• 3. International Journal of Electronics and Communication Engineering & Technology (IJECET), ISSN 0976 – 6464(Print), ISSN 0976 – 6472(Online) Volume 4, Issue 6, November - December (2013), © IAEME testing technique[1], in which a fairly good number of units are tested until the failure of complete lot occurs. Thus the failure rate characteristics of the sensor with respect to time are studied from the experimental field data. These data provide a basis for formulating or constructing mathematically a failure model for general analysis. Based on the field failure data various terms related to life tests can be defined and quantified[2]. Failure Rate (Z): Ratio of the number of failures (nk) during a particular (kth interval) unit interval to the average population during that interval. It is also termed as Instantaneous Failure Rate. Z= nk Avg Population in kth interval Failure Density (fd): Ratio of the number of failures during a given unit interval of time to the total number of units at the very beginning of the test. fdk = n k …..1 N t − z (ϕ ) d ϕ fd (t ) = Z (t )e ∫ …..2 0 Reliability (R): The ratio of survivors at any given time to the total initial population. R = Sk N …..3 t R (t ) = e ∫ 0 − z (ϕ ) dϕ …..4 Mean Time to Failure (MTTF): The average time for a component/ sensor to fail. MTTF = 1 N ∑ kn ∆t k …..5 ∞ MTTF = ∫ R(t )dt …..6 0 Probability of Failure : F (t ) = 1 − R (t ) …..7 In the present paper the analysis is based on calculation of above listed parameters from the field failure data and deduction of a reliability equation from the calculated parameters. Where N = Total Initial Population n k = No of Failures in kth interval S k = No of Survivors in kth interval 45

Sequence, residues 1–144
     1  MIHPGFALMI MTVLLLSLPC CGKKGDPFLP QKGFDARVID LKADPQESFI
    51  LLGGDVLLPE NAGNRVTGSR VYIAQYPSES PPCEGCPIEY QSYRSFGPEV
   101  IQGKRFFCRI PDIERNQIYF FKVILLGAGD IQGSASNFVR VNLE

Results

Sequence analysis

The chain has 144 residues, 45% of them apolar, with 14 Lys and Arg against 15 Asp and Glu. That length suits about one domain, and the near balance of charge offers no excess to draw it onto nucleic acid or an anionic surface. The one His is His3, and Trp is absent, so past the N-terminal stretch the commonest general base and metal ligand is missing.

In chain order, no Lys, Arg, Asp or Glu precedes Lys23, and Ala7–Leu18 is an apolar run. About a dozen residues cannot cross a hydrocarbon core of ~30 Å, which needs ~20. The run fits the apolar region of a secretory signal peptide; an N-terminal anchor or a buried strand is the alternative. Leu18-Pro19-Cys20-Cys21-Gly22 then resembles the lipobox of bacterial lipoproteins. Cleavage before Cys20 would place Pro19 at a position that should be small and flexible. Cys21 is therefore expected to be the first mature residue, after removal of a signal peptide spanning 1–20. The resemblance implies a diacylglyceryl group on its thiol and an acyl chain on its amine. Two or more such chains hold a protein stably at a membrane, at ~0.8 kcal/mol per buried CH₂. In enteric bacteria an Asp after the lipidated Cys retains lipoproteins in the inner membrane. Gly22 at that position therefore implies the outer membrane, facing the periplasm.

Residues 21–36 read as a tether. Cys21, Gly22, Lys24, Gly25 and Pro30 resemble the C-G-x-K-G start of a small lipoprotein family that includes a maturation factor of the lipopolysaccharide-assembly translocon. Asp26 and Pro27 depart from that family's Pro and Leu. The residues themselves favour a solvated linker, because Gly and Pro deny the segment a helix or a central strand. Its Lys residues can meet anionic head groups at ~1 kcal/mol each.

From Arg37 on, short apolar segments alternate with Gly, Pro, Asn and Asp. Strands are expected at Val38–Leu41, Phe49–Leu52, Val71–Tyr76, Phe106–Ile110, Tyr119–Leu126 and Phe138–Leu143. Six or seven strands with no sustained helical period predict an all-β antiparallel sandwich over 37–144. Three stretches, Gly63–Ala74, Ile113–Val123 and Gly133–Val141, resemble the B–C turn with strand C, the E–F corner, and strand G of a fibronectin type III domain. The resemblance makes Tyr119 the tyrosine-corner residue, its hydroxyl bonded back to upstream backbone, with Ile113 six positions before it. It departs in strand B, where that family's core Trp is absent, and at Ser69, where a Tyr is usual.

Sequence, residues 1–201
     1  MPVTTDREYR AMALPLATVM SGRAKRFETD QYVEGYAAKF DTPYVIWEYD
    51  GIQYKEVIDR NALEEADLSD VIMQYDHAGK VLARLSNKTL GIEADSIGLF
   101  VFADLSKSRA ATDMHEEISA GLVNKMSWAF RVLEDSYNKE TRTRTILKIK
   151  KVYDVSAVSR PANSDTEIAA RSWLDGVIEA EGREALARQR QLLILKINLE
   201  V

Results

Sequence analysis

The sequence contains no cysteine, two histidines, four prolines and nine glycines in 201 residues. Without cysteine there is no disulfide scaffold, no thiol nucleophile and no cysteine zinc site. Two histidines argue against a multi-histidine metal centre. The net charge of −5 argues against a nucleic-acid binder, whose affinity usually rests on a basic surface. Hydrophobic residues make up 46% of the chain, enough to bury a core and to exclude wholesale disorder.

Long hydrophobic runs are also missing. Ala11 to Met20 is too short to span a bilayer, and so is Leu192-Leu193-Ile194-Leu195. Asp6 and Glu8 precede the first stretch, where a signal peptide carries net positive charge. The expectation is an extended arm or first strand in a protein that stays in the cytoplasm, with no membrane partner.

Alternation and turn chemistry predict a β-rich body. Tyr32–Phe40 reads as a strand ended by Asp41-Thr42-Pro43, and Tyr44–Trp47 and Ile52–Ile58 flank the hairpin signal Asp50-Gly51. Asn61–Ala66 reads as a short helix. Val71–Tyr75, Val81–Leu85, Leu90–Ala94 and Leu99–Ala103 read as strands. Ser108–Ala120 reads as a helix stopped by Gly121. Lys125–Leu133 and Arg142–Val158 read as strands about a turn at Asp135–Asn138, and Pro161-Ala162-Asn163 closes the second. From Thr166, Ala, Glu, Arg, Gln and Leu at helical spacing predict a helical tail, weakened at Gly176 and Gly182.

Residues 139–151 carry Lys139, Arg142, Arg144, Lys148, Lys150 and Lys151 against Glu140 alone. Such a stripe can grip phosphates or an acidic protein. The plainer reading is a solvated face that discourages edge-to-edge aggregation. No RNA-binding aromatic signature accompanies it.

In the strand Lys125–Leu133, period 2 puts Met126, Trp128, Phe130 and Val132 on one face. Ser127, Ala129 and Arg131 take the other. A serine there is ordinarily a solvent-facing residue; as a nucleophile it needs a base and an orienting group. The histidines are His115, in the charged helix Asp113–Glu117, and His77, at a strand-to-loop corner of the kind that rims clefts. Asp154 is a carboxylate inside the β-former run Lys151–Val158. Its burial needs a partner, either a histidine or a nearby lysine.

• 4. International Journal of Electronics and Communication Engineering & Technology (IJECET), ISSN 0976 – 6464(Print), ISSN 0976 – 6472(Online) Volume 4, Issue 6, November - December (2013), © IAEME 4. METHODOLOGY The field failure data can be analyzed to obtain reliability, probability of failure, hazard rate and other necessary parameters which relate to the performance of the sensor in the field. To draw general conclusions from the behavioral patterns obtained from the field data, a mathematical model representation for the failure characteristics becomes necessary. In the present work we have tried to deduce a mathematical model[3] for the reliability of the Snow Depth Sensor. The methodology for the evolving a mathematical model for the reliability of snow depth sensor is based on the calculation of the reliability from the field data and fitting a reliability equation to calculated data. The reliability corresponding to each quarter i.e. 03 months was plotted and an exponential equation was fitted to the reliability values obtained from the experimental data. The reliability equation thus generated is the basis of prediction of the hazard model for Snow Depth Sensor[4]. The reliability, failure density, MTTF and Probability of Failure can be calculated by substituting value of Z(t) in equation 2,4,6 & 8. The reliability for the constant hazard model where λ is the hazard rate. R(t ) = e−λ t …..8 Failure Density fd (t ) = λ e−λ t Probability of failure F (t ) = 1 − e−λt Mean Time to Failure (MTTF) ∞ MTTF = ∫ R (t ) dt = 1 0 λ 5. RESULTS The generated equation for reliability of Snow Depth Sensor is an exponential equation of the form R (t ) = e−λ t with λ = 0.071 The value of λ is obtained from the field failure data for the snow depth sensor. This equation represents a constant hazard rate model with a hazard rate = λ and MTTF = 1 λ . The constant hazard rate model[5] generated fairly matches the experimental results. In the present case Z(t) = 0.071, a constant. The reliability equation is highly correlated with the experimental values of reliability with an R2=.8297. The MTTF calculated from the generated model is quite close to the MTTF calculated experimentally. The constant hazard model so predicted for the snow depth sensor assumes that the hazard rate remains constant with time. Various parameters obtained from the experimental results and the predictions from the model have been compared in the Table 1. 46